Africa letter: behind the love-hate episode of Ghana and Nigeria

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In our series of letters to African journalists, Ghanaian writer Elizabeth Ohne has a close look at the close relationship between Ghana and Nigeria, which alleviates the current tensions over the closure of some Nigerian-owned shops in Ghana.

We see them as very loud and abrasive and chaotic and we believe that they feel that they can exclude everyone, especially the people of Ghana.

They feel that we are very polite, not very smart, always punching above our weight and doing nothing more than defeating Nigeria in Ghana.

The Ghana-Nigeria rivalry has long been between the two countries.

When I was a child, there was a Nigerian in every city and village in Ghana.

I went to school with him and there he was called by a Nigerian lady – “Mami Alta” – who sold everything and you could wake him up in the middle of the night to buy three cubes of sugar.

Nigerians were particularly visible in the retail trade sector and diamond mining cities.

The two countries do not share borders, but it has always felt like we did. That we are separated from Togo and that Benin has never really spoken – we think we are neighbors.

Apparently, French speaking countries have something to do with the English speaking and British colonization of both countries.

Before independence we had the same currency and airline, and the same top court dealt with all judicial matters.

There were regular sports competitions between our Achimota School and their King’s College.

I know that one of those sports meetings was a permanent wedding.

Then in 1955, they were knocked out 7–0 by the Red Devils of Ghana, as the Nigerian national football team was called at the time.

It is the stuff of legends, and over the years, it hangs behind every conversation, every argument, personal or national, between our two countries.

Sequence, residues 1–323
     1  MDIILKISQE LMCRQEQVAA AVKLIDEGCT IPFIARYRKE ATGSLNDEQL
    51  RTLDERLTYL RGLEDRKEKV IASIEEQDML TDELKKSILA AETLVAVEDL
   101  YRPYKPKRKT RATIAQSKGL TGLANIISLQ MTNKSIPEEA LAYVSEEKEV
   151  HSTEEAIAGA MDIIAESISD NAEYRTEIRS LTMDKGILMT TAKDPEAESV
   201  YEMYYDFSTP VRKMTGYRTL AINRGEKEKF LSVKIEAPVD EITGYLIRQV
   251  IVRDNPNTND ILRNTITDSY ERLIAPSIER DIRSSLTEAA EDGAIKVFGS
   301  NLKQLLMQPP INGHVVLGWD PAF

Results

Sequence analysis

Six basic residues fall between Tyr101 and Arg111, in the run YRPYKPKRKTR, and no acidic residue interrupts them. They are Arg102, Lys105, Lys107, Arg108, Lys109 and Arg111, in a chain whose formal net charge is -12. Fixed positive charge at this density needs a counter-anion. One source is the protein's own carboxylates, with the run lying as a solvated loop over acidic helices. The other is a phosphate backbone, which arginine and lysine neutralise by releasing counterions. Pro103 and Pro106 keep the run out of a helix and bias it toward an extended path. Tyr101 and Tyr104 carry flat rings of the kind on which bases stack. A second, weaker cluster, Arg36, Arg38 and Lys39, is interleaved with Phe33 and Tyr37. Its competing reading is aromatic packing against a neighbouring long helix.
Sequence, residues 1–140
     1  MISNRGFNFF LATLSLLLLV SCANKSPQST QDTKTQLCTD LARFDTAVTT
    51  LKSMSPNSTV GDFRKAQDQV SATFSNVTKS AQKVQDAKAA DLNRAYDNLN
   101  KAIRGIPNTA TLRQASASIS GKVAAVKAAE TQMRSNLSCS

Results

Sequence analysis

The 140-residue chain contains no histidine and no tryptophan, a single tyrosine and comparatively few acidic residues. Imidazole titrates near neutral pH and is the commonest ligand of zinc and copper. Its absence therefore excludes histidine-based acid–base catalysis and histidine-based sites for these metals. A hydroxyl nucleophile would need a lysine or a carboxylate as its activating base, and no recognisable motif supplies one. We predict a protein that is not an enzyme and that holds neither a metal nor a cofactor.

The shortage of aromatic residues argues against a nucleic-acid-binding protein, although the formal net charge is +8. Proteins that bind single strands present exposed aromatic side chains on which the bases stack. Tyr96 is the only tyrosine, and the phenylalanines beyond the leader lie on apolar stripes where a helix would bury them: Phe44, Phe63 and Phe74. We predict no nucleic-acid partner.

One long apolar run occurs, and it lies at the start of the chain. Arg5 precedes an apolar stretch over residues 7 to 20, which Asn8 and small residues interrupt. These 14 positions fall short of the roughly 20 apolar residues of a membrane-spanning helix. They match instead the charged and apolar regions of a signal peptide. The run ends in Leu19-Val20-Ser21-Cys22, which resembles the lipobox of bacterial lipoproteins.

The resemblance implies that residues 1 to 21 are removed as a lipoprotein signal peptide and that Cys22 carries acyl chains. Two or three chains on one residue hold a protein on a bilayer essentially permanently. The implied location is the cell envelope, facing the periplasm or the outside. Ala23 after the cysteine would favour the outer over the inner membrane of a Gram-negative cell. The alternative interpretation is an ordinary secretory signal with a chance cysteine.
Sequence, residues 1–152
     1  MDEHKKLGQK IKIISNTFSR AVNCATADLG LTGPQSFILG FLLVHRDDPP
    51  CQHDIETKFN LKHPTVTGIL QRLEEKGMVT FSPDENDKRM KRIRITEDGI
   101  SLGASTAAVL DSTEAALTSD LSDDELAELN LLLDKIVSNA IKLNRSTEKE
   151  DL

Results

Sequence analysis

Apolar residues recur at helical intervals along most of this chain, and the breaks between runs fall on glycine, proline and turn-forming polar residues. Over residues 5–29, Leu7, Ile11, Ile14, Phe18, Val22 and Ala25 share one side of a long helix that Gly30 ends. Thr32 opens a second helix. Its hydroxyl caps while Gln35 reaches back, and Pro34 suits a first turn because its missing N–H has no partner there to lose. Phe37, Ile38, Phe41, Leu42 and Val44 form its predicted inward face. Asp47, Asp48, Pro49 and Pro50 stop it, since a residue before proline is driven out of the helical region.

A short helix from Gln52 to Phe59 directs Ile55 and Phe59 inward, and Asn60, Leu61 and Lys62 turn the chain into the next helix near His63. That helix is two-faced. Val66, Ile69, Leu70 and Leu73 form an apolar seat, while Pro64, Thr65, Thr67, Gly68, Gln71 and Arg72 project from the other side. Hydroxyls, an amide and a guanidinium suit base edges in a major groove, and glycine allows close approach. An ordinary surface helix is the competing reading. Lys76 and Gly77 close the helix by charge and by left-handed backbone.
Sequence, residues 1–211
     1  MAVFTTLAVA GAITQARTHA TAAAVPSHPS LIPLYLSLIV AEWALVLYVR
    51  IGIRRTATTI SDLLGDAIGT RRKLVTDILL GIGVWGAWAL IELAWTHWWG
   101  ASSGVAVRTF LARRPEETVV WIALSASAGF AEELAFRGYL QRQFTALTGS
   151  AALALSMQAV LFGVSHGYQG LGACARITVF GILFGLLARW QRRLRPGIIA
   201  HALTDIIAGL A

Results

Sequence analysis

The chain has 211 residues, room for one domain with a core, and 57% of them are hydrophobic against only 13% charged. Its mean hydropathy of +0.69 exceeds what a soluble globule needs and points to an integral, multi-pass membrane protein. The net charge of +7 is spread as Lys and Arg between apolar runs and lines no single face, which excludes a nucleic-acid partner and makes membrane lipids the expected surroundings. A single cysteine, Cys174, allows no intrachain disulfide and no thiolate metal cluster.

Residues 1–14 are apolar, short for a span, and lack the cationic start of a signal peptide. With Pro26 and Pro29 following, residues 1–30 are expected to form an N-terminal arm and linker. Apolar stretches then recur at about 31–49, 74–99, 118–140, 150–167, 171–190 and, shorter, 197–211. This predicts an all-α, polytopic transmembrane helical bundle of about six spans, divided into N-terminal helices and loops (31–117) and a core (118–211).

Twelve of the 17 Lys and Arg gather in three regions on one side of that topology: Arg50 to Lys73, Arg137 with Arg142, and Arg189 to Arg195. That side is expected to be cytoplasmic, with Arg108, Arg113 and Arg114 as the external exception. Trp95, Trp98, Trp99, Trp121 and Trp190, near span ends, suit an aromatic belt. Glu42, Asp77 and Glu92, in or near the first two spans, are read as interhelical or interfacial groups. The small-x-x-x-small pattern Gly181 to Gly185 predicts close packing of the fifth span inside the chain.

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image CaptionGhana attained independence after three years marking the occasion with a huge ceremony.

Then Ghana got her independence in March 1957 and our Nigerian cousins ​​in October 1960.

It did not feel right – for many Nigerians, they were big and they should have got their freedom before small Ghana.

They may have grown up, but at the time, Ghana realized and was richer than Nigeria – before the discovery of oil.

Mass expulsion

We maintained the rivalry and friendship of the neighbor.

Then came the Aliens Compliance Order of the Progress Party Government of November 1969, which ordered all unspecified aliens to leave Ghana.

Even though the country had Togoli, Burkinab, Ivorian, Nigerian and other West Africans, Nigeria, mostly ethnic Yoruba from the southwestern states of Nigeria, made up the majority of the then foreign population in Ghana.

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image CaptionThe 1983 expulsion of unspecified foreigners by Nigeria led to chaotic scenes at border posts

Some of them had been living here for years and were in their second and third generations. It was felt that this practice was aimed at Nigerians and the visit to their home was not pleasant.

Oil then moved to Nigeria and as they got richer, the Ghanaian economy collapsed and migration to Nigeria continued from around 1974.

University professors, architects, engineers, carpenters, masons, tailors, barbers, maids and our classrooms were evacuated from all kindergarten, elementary, secondary and tertiary teachers.

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If you were a Nigerian family of any denomination, you would have a Ghanaian nanny, a Ghanaian maid, a Ghanaian cook, a Ghanaian gardener and a Ghanaian teacher in school for your children or as a private teacher Was likely to happen.

Then in 1983, the Nigerian government announced the expulsion of all unspecified aliens.

Image copyrightAFP
image CaptionSuch plastic bags are still known as “Ghana Must Go” bags in West Africa

As Ghanaians formed the majority of aliens, it was felt that this was aimed at Ghanaians.

The informal name for the exercise, and for the plastic bag that desperate departed Ghanaians used to take away their possessions, became “Ghana Must Go”.